Magnificently beautiful, mysterious and elusive, the stag has always been awe-inspiring animal. Gentle, and yet swift and strong, the stag inspired many poets and writers throughout the centuries, and have been important part of many cultures, religions and mythologies of the world. Their habitat, the woodland realm, has also had strong ambivalent symbolism, as place of the freedom of injustice and oppression, as in Robin Hood or as transgressive place full of unknown dangers, as the one in Dante’s Inferno. Being constantly object of human interest, stags have always been hunted, and that hunt in literature became metaphor for life-changing quest, in which the road is more important than the finish line. The stag, the forest and the hunt are intricately united in many stories and myths of our world.

The stag had important role in the Scythian mythology and art. Due to excavations during 20th century, we became acquainted with Scythian culture. Scythians were the equestrian nation, who migrated a lot throughout Asia. Because of their nomadic life, their art was portable, and most of it was found on belts, weapon-ornaments and personal jewelry. The most known object of Scythian art is Golden Stag from Kostromskaya, Russia, that is believed to originate from 7th century B.C. The animal motif has deeply religious, totemic and talismanic nature, especially given the fact that it is part of the personal property. The stag is believed to represent male prowess in battle, and antlers resembling tree (family tree) were regarded as the symbol of male fertility.

But, the foundations of our knowledge regarding symbolism of the stag and its use in modern literature originate from Ancient Greece. From Aesop’s fables to myths about Agamemnon, Heracles’ labors and Artemis, the stag had been constant symbol of the quest, sanctity and swiftness, but also with the negative connotations of cowardice and weakness.

Both the Agamemnon story about sacrificing his daughter and the legend about the third Heracles’ labor has one thing in common, one goddess to be precise – Artemis. Artemis is Zeus’ daughter and Apollo’s twin sister. She is the goddess of the hunt, wild animals, wilderness, childbirth and virginity. She carries bow and arrow as her weapons, and as her brother Apollo, had power to sent plague and death to people, but also to heal. Stags are sacred animals to Artemis, but she is also accompanied by the other animal companions – the wolf, the bear, the boar, the hawk and others. The triad of symbolism – the stag, the forest and the hunt are all united in mythology surrounding Artemis.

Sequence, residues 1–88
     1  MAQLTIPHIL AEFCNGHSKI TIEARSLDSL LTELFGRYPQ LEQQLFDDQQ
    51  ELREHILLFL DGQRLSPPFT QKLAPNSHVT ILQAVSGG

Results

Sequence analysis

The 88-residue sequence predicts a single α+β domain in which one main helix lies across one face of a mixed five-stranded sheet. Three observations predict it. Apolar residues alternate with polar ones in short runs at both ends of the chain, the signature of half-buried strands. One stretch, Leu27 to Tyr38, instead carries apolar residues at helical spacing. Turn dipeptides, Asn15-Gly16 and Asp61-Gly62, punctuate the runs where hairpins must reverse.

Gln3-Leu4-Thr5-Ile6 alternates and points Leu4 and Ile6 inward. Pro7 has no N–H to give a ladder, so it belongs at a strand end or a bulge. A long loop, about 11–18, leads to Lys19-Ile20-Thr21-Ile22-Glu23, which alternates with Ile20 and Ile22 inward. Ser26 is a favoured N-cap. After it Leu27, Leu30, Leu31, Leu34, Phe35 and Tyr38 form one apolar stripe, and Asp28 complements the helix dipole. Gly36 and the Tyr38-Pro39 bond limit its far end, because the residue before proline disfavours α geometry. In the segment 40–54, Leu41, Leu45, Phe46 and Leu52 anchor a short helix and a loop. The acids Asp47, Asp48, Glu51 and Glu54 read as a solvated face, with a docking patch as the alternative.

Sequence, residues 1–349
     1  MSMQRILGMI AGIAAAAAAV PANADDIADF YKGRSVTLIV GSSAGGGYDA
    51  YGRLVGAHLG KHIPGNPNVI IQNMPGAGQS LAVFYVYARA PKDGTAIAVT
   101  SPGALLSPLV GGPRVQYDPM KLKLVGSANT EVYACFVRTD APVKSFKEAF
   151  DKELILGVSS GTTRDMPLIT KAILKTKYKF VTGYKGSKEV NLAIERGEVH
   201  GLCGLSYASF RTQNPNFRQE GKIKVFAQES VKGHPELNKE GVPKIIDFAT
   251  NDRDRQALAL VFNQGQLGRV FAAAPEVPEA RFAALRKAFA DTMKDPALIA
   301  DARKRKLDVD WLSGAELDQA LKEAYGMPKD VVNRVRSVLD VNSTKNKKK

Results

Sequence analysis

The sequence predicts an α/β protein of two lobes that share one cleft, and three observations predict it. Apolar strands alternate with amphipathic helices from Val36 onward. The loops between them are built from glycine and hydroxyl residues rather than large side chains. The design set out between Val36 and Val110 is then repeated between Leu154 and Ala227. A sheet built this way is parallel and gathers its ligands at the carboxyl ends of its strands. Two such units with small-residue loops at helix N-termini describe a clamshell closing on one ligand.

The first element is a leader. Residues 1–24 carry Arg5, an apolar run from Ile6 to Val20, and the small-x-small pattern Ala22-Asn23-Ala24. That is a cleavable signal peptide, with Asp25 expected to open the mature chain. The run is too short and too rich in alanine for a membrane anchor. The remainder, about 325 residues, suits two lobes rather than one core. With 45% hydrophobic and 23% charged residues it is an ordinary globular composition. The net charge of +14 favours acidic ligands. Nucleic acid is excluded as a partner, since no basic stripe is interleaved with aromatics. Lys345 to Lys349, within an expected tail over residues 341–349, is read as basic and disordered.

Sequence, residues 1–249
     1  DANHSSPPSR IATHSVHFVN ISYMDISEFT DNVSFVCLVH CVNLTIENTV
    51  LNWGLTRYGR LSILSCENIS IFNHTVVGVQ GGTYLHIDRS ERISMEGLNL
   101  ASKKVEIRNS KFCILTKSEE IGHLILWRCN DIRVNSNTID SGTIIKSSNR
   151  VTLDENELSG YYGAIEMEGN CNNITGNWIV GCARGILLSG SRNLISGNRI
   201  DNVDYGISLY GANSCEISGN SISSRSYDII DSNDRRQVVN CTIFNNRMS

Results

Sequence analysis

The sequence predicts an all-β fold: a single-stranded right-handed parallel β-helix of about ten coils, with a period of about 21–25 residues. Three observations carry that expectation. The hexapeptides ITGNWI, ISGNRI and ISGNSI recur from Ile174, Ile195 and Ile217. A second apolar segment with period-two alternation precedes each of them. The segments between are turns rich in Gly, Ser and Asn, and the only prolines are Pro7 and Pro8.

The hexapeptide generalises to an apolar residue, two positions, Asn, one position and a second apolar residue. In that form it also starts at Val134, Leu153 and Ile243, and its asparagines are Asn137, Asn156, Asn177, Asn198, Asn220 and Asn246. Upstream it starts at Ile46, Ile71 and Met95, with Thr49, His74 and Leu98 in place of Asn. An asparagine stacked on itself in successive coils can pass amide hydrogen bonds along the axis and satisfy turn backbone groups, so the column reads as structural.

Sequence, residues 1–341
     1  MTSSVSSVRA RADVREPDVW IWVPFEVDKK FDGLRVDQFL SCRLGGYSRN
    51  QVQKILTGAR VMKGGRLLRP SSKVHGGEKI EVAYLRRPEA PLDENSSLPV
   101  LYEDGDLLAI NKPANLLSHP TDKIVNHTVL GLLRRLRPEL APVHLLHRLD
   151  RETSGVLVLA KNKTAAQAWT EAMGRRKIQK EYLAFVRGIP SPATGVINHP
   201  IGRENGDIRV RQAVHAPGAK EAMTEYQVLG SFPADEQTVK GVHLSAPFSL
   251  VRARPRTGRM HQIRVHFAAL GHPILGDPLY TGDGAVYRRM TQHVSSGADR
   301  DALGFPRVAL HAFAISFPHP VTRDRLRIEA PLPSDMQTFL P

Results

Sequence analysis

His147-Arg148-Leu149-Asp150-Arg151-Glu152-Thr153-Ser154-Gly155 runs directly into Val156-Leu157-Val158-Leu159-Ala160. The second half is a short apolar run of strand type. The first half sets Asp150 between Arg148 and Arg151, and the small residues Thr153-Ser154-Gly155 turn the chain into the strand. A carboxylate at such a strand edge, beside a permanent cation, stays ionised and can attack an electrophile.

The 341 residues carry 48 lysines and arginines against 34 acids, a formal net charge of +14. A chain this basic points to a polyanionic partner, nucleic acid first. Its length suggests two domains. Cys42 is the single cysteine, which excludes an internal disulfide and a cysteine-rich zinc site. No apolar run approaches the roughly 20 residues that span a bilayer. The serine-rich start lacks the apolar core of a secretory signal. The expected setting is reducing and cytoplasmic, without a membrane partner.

The legend of Agamemnon speaks about sacrilege and sacrifice. The story begins in dawn of Trojan War. When the Greek fleet was ready to sail for Troy with Agamemnon at the head, the winds refused to blow because Agamemnon had killed a stag sacred to the moon goddess Artemis. As recompense for the stag, and in return for allowing the winds to blow, Artemis exacted the sacrifice of Agamemnon’s daughter Iphigenia. According to one version of the event, once when a sacrifice was offered under the boughs of a tree, a dragon crawled forth from under it, and devoured a nest on the tree containing eight young birds and their mother. The myth talks about Agamemnon’s desire to conquer Troy, and the prize he would pay for it. Paralleling with ASOIAF events, Stannis, guilty of killing a stag (Renly), has to sacrifice a daughter, so the winds would blow and carry him to his destination. The powerful image of dragon crawling forth from a tree can certainly be interpreted as Jon rising from the dead, and since we know that birds are actually symbolizing years, we could even speculate that war ahead of us will last for 10 years.